Film Archive

Countries (Film Archive)

Arid Zone

Documentary Film
76 minutes

Credits DOK Leipzig Logo

Antônio Junior, Fernanda Pessoa
Fernanda Pessoa
Pedro Santiago
Rodrigo Levy
Germano de Oliveira, Mari Moraga
Fernanda Pessoa
Daniel Turini
Mesa, Arizona, east of Phoenix and about 200 kilometres from the Mexican border, is said to be the most conservative city in the U.S. In 2001, Fernanda Pessoa was an exchange student in Mesa. She was 15 years old at the time. 15 years later she returned, in the weeks before the presidential election won by Donald Trump. Starting with numerous photos of that earlier time, Pessoa searches out people she met as a teenager. She finds a new approach to the United States, is more aware of everything she experiences; after all, she has grown up in the meantime. She conducts an inner dialogue with her former self as she rediscovers this country whose inhabitants are so proud of the fact that it’s theirs: America. The land of firearms and peculiar sports, the land that invented the shopping mall and the Western movie.

Pessoa quotes the philosopher Baudrillard, to whom America seemed like a fiction. With her film, she turns it into an experience of reality that ultimately makes her understand more about her own country: “Our cultural colonialism came to collect the bill.” “Arid Zone” (Arizona) opposes that colonialism with the gentle resistance of precise observation.

Bert Rebhandl

Honorable Mention in the Next Masters Competition Long Documentary and Animated Film.


Documentary Film
South Korea
90 minutes

Credits DOK Leipzig Logo

Kelvin Kyung Kun Park, Junho Park
Kelvin Kyung Kun Park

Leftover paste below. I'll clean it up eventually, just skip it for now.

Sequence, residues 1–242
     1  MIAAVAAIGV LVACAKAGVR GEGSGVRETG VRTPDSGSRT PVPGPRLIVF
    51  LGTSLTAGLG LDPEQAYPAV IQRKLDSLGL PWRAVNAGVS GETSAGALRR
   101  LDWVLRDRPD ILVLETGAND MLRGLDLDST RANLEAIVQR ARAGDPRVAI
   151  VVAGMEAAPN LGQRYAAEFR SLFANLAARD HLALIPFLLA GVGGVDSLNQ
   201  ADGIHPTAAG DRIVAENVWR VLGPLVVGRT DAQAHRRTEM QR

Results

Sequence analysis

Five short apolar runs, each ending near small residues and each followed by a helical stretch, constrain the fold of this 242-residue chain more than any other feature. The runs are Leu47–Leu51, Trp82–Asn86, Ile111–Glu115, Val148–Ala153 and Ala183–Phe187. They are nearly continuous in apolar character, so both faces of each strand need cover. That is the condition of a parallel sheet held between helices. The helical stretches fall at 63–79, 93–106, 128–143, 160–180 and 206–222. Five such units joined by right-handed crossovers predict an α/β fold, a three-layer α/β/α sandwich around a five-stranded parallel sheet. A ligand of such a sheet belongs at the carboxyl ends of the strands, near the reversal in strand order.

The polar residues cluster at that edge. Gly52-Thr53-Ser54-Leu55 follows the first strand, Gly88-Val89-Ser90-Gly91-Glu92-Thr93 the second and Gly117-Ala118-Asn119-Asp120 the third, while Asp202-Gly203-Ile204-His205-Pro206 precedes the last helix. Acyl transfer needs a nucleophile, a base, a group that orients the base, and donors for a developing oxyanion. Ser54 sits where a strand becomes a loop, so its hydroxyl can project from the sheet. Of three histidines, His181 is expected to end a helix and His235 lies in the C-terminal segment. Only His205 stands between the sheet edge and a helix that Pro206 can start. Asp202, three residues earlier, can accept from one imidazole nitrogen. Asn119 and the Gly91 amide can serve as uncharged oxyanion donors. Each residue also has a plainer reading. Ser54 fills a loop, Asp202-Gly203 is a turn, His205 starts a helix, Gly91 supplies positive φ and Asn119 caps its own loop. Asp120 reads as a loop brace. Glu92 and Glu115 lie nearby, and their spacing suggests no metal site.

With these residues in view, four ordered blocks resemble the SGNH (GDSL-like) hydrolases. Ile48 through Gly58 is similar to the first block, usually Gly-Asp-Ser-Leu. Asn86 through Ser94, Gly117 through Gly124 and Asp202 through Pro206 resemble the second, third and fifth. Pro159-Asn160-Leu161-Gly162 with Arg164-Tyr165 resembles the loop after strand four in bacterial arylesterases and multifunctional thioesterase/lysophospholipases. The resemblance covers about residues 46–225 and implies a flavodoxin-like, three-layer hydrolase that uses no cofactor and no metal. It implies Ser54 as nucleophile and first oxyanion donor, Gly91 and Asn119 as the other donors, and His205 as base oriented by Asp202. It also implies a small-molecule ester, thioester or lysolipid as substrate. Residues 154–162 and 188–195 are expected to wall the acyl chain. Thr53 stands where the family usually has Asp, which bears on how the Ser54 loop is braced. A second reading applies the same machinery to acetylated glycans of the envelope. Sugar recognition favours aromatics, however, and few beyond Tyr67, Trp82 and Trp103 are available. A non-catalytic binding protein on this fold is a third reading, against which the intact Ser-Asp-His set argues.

Kelvin Kyung Kun Park, David Park
Kelvin Kyung Kun Park, Hein Seok
Paulo Vivacqua
Woochul’s face is running with sweat. Another one of those countless parades during which one is supposed to let the gun in one’s hand dance, following a strict choreography. Eternal drill. Permanent exercises. It’s hot and Woochul’s eyes flash with effort and nerves. The military training that’s compulsory for all young South Koreans lasts two years. Director Kelvin Kyung Kun Park himself is haunted until today by his traumatic time as a recruit. In his film, Woochul turns into an alter ego he uses to reflect on himself and Korean society, including the military system.

Ufos play a role, since these are seen with inordinate frequency by soldiers, a fact Park interprets as the expression of a specific mental state. Religion, too. In “Army”, a Christian K-Pop girl band performs no less than twice to frenetic cheering, calling upon their emotionally softened audience to write to them. How many men may actually do this and hope for an answer? Last, but not least, “Army” is about depression, from which both, director and protagonist, suffer in the course of their service. Kelvin Kyung Kun Park reports (and stays silent) in a basic tone of dry empathy. The film is dedicated to all those who lost their lives during military service.

Carolin Weidner